The Order of wearing Australian Honours and Awards
The Governor-General notifies for general information the positioning of the wearing of Australian Orders, Decorations and Medals. This notification incorporates the positioning of the following awards: the Afghanistan Medal (notified in Special Gazette No. S422 of 22 October 2004); the Iraq Medal (notified in Special Gazette No. S421 of 22 October 2004); and the Australian Defence Medal (notified in Special Gazette No. S48 of 30 March 2006).
The Schedule, together with the Annexes to the Schedule, incorporates the new positioning of these awards and supersedes that notified in Commonwealth of Australia Gazette No. S101 of 4 April 2002.
Honours and Awards listed in the Schedule and Annexes in BOLD print are:
- those within the Australian System of Honours and Awards;
- those conferred by The Sovereign in exercise of the Royal Prerogative;
- those within the Order of St John; and
- foreign awards, the acceptance and wearing of which have been authorised by the
- Governor- General.
- all imperial British awards made to Australian citizens after 5 October 1992 are foreign awards
- and should be worn accordingly.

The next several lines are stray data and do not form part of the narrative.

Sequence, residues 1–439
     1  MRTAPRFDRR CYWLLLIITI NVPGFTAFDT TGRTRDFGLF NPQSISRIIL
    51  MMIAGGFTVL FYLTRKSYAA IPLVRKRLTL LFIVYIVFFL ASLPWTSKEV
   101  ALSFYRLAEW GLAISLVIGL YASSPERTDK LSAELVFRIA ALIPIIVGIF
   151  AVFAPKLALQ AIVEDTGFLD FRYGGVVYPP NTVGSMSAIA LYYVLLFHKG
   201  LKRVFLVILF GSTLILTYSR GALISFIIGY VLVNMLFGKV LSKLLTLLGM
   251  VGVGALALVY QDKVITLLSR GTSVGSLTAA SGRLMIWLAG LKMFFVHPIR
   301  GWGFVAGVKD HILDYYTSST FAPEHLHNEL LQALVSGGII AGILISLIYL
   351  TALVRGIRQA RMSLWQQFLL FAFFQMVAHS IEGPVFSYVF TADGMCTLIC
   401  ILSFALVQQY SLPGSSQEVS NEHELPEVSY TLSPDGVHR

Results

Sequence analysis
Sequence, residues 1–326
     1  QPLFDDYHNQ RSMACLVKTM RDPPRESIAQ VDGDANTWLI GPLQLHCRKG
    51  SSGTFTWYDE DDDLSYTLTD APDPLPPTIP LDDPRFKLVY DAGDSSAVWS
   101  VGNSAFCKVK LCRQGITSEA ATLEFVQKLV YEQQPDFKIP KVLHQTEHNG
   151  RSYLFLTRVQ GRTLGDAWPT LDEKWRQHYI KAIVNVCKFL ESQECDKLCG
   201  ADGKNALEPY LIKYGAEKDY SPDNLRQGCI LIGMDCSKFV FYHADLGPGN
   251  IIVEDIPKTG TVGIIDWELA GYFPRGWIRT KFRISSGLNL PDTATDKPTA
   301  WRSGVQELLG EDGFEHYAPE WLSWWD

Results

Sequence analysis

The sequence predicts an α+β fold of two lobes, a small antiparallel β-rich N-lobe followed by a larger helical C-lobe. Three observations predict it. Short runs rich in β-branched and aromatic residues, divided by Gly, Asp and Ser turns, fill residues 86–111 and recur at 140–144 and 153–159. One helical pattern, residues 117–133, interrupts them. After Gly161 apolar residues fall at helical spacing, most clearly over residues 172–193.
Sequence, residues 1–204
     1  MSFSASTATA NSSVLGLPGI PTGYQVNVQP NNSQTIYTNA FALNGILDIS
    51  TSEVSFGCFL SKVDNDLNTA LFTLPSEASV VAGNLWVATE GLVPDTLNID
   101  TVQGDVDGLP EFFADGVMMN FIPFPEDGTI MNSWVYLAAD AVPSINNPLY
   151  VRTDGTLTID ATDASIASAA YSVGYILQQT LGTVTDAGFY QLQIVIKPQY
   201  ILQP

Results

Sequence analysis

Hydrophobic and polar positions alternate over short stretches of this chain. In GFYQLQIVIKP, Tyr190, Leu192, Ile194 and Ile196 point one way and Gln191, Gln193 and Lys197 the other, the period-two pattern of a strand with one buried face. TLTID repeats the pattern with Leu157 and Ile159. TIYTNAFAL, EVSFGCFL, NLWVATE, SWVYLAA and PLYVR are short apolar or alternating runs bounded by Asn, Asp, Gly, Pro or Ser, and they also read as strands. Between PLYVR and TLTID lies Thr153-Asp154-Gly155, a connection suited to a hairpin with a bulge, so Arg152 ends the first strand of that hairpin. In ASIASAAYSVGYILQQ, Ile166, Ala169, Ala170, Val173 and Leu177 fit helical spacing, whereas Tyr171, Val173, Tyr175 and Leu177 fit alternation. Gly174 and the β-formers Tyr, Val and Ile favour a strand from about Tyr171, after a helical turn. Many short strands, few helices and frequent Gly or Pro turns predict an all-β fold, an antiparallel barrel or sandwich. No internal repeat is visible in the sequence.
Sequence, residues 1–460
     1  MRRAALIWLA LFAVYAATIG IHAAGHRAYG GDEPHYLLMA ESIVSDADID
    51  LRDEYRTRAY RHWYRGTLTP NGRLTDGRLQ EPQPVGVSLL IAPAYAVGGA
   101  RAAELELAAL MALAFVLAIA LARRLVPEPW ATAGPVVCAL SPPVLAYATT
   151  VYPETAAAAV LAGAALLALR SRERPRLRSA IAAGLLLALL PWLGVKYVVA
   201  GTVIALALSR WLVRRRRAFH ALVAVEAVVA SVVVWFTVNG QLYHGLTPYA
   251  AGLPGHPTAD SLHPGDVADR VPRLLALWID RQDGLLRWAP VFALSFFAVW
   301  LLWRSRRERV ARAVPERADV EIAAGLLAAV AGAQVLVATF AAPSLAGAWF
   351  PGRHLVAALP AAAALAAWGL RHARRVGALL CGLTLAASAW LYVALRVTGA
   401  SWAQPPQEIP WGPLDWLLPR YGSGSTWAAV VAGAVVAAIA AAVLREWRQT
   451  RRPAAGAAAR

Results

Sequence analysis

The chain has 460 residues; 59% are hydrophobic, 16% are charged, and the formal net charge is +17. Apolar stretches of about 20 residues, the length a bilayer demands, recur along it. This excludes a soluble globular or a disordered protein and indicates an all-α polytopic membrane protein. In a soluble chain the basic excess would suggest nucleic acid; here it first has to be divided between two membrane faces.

Those Honours and Awards listed in the Schedule and Annexes in UNBOLDED print are Imperial awards.
The only time these should be worn are on occasions when evening dress or a dinner jacket is worn at a dinner or evening function.
Wearing of non-official medals
The RSL actively discourages the wearing of non official medals at RSL and other ceremonial or commemorative functions. If Commemorative Medals are worn, they should be positioned on the right breast and not mixed with Service Medals or Decorations.
The Awards and National Symbols Branch of the Department of Prime Minister & Cabinet further states:
"Over a number of years some ex-service organisations have created and distributed 'commemorative' medals to mark Particular periods of military service. These medals have no official status.
You should be aware that the government has created a number of official medals that commemorate certain events, for example, the 80th Anniversary Armistice Remembrance Medal, the Australian Sports Medal and the "Anniversary of National Service 1951-1972 Medal".
Only those medals, decorations and honours, which have been created under the prerogative of the Crown, have official status. Such medals should be worn in accordance with The Order of Wearing Australian Honours and Awards on the left breast either on an official uniform or civilian dress.
Official medals worn by relatives of a deceased veteran should be worn on the right breast.
Ideally, unofficial medals should not be worn. However if they are worn as the occasion demands, they may be worn on the right breast.
This advice is based on official protocol and practice'.
Fraudulent Wearing of Medals
No person, with the exception of a direct descendant of a deceased service man or woman, may wear medals which have not been awarded to him or her personally. This also applies to the wearing of miniature medals and medal ribbons.
Fraudulent wearing of medals attracts penalties under Federal regulations and also attracts subsequent penalties under the RSL Constitution.